TORONTO (Reuters) - The man who built a mysterious tunnel near a venue for this summer’s Pan American Games in Toronto said it had been his dream for years to build an underground hideaway, and he had planned to put a television inside and hang out with friends.
“It wasn’t really a tunnel. I was going to expand it to have a couple of rooms,” Elton McDonald, a 22-year-old construction worker, told the Toronto Sun newspaper.
“I was hoping to put in a TV. I did some barbecuing in there. It was more a place to hang out.”
Police ignited a frenzy of media speculation in February by announcing the discovery of a “sophisticated” hand-dugtunnel near a tennis stadium to be used for the Pan AmGames in July. Much of the speculation was linked to concern about a terrorist plot against the Games.
Days later, police said they had identified two men who had built the 10-meter-long (33-foot) tunnel but declined to reveal their identities since no crime had been committed.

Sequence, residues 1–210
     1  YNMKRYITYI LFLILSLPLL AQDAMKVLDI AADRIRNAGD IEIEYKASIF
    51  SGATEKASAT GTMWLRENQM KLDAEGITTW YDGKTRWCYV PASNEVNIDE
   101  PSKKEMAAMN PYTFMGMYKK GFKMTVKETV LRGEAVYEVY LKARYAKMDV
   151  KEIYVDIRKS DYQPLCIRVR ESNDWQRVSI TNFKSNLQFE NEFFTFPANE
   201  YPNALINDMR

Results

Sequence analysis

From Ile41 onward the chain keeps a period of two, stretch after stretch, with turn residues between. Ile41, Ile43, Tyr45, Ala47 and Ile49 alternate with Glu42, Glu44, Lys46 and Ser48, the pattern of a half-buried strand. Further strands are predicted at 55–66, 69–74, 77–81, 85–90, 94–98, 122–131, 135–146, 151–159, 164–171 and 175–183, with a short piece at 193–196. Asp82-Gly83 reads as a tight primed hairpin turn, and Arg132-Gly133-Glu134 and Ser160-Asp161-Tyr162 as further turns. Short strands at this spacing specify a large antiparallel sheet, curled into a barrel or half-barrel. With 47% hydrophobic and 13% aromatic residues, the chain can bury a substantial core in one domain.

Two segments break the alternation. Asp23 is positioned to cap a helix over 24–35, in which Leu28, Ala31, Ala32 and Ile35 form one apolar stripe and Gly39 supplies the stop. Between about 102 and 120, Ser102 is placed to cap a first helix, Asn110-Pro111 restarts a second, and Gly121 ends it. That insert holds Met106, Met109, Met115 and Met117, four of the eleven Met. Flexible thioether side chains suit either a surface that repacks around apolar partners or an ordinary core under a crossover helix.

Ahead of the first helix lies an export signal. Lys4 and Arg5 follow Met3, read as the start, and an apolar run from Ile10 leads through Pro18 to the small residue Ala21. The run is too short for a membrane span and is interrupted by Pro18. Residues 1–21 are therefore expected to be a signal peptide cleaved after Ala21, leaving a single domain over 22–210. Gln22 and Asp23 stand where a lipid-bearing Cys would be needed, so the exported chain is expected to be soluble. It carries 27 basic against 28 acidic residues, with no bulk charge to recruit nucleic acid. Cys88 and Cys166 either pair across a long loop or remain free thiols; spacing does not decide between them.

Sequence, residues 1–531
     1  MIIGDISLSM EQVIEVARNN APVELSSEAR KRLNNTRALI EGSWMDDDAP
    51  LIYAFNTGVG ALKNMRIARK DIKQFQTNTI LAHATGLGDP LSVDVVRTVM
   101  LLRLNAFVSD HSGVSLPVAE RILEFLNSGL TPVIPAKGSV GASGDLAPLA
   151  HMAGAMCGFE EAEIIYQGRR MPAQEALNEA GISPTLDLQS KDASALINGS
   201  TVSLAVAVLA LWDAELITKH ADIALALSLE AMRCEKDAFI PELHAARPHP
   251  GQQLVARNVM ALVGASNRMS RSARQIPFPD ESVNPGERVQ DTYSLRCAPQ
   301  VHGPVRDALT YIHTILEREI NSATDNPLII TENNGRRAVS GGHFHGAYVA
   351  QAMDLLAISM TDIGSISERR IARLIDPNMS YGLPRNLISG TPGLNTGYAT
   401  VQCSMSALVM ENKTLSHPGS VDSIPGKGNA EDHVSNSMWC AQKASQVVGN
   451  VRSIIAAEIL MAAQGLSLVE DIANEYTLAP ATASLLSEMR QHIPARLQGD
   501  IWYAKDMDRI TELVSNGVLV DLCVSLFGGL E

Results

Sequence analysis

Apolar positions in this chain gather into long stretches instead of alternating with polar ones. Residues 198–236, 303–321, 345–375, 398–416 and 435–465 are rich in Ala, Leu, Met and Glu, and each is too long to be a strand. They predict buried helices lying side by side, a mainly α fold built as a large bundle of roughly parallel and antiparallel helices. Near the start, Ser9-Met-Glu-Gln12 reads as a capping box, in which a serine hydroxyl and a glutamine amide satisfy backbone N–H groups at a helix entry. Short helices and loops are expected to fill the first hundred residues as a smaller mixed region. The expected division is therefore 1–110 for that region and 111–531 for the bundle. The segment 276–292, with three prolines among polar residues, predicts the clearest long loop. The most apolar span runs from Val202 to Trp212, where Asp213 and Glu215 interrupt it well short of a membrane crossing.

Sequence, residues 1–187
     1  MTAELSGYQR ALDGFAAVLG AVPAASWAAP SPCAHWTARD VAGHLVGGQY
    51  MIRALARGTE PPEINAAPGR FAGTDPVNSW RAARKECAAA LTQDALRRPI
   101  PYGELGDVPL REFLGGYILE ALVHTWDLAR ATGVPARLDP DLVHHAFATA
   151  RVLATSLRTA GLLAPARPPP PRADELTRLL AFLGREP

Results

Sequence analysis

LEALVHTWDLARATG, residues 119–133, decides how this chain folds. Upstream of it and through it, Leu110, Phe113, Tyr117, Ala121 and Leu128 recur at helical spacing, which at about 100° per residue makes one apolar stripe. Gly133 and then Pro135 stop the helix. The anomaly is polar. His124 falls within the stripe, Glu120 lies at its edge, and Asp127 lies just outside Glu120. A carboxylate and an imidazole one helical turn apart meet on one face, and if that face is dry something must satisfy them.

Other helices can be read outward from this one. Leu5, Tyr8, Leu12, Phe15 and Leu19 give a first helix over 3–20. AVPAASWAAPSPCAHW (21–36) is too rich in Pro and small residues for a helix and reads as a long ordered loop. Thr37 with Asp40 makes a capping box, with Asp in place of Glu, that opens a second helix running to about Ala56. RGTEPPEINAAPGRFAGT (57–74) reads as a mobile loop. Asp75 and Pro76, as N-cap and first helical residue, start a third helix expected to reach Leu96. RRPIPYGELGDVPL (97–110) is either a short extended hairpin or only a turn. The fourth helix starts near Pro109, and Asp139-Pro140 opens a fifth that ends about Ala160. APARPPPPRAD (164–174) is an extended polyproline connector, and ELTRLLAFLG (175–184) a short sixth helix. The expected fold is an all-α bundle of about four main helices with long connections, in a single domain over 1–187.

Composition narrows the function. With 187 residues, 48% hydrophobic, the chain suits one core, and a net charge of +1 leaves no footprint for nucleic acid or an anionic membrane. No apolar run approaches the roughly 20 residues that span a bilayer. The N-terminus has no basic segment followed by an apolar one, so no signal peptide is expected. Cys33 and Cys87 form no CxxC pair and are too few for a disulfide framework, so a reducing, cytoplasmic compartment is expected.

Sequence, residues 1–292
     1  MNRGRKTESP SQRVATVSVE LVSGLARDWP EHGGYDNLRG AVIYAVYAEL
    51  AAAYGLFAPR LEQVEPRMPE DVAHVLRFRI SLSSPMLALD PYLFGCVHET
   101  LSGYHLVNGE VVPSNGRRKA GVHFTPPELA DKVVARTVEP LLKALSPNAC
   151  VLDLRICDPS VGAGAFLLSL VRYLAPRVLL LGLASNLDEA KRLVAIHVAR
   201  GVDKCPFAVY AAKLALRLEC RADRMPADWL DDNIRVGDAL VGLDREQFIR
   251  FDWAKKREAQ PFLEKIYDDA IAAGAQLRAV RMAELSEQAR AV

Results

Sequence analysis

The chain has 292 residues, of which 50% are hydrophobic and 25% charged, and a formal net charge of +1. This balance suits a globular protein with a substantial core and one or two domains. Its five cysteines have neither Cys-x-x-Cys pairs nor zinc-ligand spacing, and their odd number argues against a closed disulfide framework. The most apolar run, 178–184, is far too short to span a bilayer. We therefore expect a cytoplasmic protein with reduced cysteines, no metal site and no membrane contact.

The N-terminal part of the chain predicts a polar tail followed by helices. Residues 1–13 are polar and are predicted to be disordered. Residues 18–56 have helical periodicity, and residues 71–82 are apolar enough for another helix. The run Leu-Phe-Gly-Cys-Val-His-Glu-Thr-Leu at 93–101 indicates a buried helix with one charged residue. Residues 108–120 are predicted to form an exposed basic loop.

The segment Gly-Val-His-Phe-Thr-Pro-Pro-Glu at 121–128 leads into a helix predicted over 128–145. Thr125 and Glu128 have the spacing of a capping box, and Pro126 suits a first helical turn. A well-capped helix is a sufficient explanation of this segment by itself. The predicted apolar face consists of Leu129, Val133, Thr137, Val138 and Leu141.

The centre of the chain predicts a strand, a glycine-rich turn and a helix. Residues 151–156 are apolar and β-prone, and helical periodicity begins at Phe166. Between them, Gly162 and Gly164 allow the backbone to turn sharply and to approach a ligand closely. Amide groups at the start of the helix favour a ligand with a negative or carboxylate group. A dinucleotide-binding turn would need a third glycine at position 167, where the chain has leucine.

McDonald told the newspaper he’d begun working in construction at age 17 and considered it a fun challenge to dig the hideout with several friends. He told his family about the project so they would understand why he came home so dirty.
When news broke about the tunnel, McDonald said he didn’t speak up because he was afraid he’d be in trouble.
Police tracked him down after his employer recognized some of the equipment used at the site, McDonald said.
The tunnel was discovered Jan. 14 in a suburban woodlot. Reinforced with wooden walls and ceiling supports, it had electricity supplied by a generator, a sump pump to remove water and a pulley system to remove dirt.
Police found a rosary with crucifix and a poppy nailed toone of the tunnel’s wooden supports. McDonald said his sister gave him the crucifix for good luck after a small cave-in, while he’d found the poppy on Remembrance Day, Nov. 11, when war veterans are honored.
Canada has been on heightened alert for terrorist activity since a gunman attacked the Parliament Buildings in Ottawa in October after fatally shooting a soldier at the nearby National War Memorial. The attack by a so-called “lone wolf” Canadian convert to Islam came two days after another convert rammed two soldiers in Quebec with his car, killing one.
Reporting by Andrea Hopkins; Editing by Peter Galloway